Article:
American Humane Association believes that euthanizing shelter animals by carbon monoxide or carbon dioxide is inhumane to the animal and harmful to humans. American Humane Association considers euthanasia by injection (EBI) to be the only acceptable and humane means of euthanasia for all shelter animals.
Most shelter workers wish to hold and comfort a frightened animal in its final moments of life. That act may be the only kindness the animal has ever known. In contrast, even with vigilant oversight, euthanizing dogs and cats by means of a carbon monoxide or carbon dioxide gas chamber is inhumane especially medium and large dogs, and is demoralizing to the shelter workers. Such outdated and cruel practices also create a public outcry and demean the very purpose of an animal shelter. Download American Humane Association’s fact sheet comparing the gas chamber to EBI.
A Michigan gas chamber.
It is a national tragedy that 3 to 4 million shelter animals must be euthanized every year. Until a solution is reached, the final moments for these animals must be humane. That’s why American Humane Association is a leader in training animal welfare professionals on proper EBI techniques.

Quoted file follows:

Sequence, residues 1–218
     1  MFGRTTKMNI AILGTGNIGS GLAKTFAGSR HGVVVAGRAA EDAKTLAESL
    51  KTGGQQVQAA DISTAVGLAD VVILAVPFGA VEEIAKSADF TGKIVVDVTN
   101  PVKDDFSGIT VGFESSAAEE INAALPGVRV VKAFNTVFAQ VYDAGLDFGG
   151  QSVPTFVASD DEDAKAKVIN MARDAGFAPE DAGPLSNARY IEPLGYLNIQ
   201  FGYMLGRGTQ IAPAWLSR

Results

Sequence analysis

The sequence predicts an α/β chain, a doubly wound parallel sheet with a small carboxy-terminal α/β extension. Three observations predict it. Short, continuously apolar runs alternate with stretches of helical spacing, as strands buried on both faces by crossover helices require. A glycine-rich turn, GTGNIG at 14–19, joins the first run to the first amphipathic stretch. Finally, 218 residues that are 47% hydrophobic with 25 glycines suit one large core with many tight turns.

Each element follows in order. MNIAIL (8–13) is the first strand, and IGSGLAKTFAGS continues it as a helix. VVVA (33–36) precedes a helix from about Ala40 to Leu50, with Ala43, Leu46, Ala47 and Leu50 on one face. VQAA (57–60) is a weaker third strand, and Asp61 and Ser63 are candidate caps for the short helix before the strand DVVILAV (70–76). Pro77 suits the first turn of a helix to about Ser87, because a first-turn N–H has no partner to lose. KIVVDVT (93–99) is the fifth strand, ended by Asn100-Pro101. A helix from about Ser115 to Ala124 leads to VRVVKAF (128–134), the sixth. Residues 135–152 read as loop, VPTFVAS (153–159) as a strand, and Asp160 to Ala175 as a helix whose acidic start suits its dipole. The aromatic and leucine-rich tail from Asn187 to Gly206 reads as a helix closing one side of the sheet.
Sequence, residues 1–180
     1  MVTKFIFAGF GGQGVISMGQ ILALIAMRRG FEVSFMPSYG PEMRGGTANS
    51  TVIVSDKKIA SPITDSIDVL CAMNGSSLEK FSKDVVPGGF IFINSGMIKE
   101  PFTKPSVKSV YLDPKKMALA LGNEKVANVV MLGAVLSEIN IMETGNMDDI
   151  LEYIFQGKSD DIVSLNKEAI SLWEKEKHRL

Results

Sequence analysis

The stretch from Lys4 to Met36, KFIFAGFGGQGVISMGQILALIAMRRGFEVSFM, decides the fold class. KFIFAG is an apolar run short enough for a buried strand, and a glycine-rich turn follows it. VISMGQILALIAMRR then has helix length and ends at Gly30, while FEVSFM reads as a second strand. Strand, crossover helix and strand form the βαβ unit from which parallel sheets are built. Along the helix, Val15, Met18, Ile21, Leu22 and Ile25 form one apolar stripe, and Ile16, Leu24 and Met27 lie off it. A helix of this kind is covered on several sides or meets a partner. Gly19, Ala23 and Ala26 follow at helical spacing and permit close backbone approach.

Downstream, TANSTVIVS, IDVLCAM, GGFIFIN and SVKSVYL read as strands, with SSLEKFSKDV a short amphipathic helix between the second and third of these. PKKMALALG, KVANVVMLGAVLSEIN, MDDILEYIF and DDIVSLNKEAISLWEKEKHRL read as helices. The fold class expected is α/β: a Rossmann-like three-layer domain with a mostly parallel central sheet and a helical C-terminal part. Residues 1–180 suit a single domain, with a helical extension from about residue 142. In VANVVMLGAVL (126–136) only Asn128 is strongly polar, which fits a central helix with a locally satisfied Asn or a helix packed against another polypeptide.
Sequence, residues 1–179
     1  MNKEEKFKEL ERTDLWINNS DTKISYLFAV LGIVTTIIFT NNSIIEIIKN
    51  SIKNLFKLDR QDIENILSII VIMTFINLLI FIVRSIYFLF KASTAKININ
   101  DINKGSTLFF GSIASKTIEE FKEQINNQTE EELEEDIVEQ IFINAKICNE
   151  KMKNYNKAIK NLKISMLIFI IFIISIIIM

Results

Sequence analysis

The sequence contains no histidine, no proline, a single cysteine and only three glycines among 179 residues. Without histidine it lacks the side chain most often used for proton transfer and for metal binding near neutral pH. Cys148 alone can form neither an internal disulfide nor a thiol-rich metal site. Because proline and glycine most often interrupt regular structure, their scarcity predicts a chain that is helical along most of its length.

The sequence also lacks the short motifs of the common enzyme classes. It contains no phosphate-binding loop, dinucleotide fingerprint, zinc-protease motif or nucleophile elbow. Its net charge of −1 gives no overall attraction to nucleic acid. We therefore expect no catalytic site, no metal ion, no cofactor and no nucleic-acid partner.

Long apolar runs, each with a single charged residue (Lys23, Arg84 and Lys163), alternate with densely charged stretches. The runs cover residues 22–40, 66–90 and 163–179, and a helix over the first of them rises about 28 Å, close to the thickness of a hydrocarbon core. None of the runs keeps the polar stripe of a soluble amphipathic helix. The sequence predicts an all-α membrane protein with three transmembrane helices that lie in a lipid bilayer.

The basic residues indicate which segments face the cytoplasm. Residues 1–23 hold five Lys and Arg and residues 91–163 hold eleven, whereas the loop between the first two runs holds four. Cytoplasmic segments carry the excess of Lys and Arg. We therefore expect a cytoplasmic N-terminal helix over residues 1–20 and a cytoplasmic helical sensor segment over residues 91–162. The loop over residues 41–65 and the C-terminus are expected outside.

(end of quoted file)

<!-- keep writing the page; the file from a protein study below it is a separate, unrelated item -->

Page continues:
Thirty states still allow the gassing of animals. Starting in 2009, American Humane Association launched an intensive legislative initiative to ban gas chambers in animal shelters and will continue in this work until the gassing ends.
To help our efforts, American Humane Association recently commissioned a study comparing the cost of EBI and gas chambers that proves EBI is less costly to communities. Using data from an animal sheltering organization, the study shows that the cost to use carbon monoxide poisoning is $4.98 per animal. The cost to use EBI, however, is only $2.29 per animal. Download a copy of the EBI cost study.
If you live in a state that still allows gas chamber euthanasia, you can do the following: